Cut back the stems an inch to keep in bloom.
So instructs the florist’s note
enclosed inside the flowers.
Who knew what was cut
could heal again, the green wounds close,
stitching themselves together?
It doesn’t matter. The flowers, red
and white, will bloom awhile, then wither.
You sit in an unlit room and watch
the vase throw crystal shadows through the dark.
The flowers’ colors are so lovely they’re painful.
In a week, you’ll have to throw them out.
It’s only hope that makes you take out scissors,
separate each bloom and cut
where you last measured. Did you know
Venus was said to turn into a virgin
each time she bathed? She did it
as a mark of love. She did it
so as to please her lovers. Perhaps,
overwhelmed by pain,
she eventually stopped bathing
altogether. It doesn’t matter. It’s a pleasure
to feel the green nubs stripped, watch the stems
refresh under your blade. They’re here
because they’re beautiful. They glow
inside your crystal vase. And yet
the flowers by themselves are nothing:
only a refraction of color that,
in a week or two, will be thrown out.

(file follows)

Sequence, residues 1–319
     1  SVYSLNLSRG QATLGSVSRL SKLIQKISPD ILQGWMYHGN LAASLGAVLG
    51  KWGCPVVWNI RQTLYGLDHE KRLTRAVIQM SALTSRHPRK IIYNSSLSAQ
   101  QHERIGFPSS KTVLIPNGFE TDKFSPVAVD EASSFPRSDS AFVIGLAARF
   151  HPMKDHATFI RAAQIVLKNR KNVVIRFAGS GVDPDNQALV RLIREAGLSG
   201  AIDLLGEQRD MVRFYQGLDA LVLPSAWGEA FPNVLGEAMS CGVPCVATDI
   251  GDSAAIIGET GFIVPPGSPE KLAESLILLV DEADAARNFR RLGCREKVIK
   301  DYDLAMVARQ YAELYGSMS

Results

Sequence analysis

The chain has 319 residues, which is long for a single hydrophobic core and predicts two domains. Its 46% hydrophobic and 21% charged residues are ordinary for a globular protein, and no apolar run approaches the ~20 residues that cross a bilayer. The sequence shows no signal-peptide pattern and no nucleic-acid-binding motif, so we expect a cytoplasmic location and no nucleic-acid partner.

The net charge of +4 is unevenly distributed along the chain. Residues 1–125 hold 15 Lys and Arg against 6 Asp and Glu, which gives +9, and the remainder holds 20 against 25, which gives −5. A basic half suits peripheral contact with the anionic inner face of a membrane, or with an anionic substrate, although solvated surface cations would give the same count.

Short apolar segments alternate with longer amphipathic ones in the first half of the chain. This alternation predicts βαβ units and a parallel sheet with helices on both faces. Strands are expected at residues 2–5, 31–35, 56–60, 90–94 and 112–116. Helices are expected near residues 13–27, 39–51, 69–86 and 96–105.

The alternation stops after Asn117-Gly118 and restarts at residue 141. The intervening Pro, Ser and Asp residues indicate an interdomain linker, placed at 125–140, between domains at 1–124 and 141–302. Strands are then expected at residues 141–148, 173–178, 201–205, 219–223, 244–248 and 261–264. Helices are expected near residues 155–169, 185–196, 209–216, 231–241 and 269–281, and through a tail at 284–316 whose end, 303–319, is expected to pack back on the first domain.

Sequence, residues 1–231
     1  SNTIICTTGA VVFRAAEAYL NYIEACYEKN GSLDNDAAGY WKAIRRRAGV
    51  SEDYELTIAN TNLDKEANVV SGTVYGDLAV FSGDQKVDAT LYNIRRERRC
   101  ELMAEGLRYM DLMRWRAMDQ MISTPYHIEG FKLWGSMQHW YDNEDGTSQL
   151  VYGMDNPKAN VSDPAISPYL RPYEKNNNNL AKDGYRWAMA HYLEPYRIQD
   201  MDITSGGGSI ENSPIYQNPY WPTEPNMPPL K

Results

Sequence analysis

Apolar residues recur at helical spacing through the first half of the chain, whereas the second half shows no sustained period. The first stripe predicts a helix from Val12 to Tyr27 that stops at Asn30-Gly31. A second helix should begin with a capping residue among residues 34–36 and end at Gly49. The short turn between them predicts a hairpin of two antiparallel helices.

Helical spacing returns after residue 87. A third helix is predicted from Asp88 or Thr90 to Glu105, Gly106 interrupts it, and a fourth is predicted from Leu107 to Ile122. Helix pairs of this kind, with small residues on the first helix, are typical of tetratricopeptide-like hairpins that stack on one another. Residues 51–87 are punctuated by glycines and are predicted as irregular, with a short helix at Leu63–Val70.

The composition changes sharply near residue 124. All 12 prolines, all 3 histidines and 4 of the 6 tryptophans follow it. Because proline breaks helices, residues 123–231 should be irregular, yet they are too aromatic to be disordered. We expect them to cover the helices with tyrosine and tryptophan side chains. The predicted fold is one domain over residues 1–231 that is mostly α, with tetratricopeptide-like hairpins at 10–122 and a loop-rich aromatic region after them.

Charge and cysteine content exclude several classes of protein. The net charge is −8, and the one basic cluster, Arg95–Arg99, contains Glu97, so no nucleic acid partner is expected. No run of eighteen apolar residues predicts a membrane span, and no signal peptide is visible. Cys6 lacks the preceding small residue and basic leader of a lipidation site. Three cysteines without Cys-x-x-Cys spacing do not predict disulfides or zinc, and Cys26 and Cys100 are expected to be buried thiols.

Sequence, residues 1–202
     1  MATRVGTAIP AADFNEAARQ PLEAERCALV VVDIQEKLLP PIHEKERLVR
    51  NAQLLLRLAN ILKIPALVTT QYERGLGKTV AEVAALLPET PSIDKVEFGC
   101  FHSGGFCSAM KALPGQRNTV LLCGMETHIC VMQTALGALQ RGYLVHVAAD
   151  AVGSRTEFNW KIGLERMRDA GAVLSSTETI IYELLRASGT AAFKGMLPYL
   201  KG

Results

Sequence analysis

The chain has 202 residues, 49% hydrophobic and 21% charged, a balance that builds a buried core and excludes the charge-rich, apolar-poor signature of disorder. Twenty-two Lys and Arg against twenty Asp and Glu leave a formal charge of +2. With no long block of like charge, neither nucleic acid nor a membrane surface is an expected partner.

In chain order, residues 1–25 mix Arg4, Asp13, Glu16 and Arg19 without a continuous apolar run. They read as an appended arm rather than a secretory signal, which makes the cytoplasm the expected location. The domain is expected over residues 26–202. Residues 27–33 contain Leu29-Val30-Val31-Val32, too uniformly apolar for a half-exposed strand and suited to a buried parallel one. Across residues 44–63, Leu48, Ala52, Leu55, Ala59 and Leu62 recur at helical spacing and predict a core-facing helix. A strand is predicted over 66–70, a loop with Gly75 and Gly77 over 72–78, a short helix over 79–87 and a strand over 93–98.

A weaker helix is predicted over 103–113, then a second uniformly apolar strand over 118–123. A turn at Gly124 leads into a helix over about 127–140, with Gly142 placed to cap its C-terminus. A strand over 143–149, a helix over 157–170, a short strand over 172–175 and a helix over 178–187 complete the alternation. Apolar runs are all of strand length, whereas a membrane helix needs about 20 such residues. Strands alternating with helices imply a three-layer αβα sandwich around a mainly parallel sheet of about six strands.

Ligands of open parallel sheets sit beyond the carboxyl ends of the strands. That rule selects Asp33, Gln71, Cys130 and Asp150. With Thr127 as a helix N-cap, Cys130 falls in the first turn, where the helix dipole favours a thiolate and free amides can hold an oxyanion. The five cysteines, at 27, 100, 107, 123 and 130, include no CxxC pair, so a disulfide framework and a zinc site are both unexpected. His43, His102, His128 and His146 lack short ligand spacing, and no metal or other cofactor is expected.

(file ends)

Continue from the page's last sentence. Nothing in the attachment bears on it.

Day by day, the water lowers. The red-
and-white heads droop, blacken at the stems.
It doesn’t matter. Even cut stems heal.
But what is the point of pain if it heals?
Some things should last forever, instructs
the florist’s note. Pleasure,
says one god. Shame, says another.
Venus heads, they call these flowers.
In a week or two, you’ll lose the note,
have to call the florist up.
With sympathy, you’ll think he says.
Perhaps: With love. It doesn’t matter.
You’ve stopped bathing. Alone,
you sit before the crystal
vase refracting you in pieces
through the dark. You watch
the pale skin bloom inside it, wither.
You petal, inch by inch.
You turn red and white together.